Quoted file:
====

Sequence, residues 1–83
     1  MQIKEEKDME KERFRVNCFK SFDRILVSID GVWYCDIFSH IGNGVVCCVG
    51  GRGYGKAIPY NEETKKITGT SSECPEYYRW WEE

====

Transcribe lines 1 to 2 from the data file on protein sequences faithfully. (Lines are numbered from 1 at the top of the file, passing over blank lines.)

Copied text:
Sequence, residues 1–83
     1  MQIKEEKDME KERFRVNCFK SFDRILVSID GVWYCDIFSH IGNGVVCCVG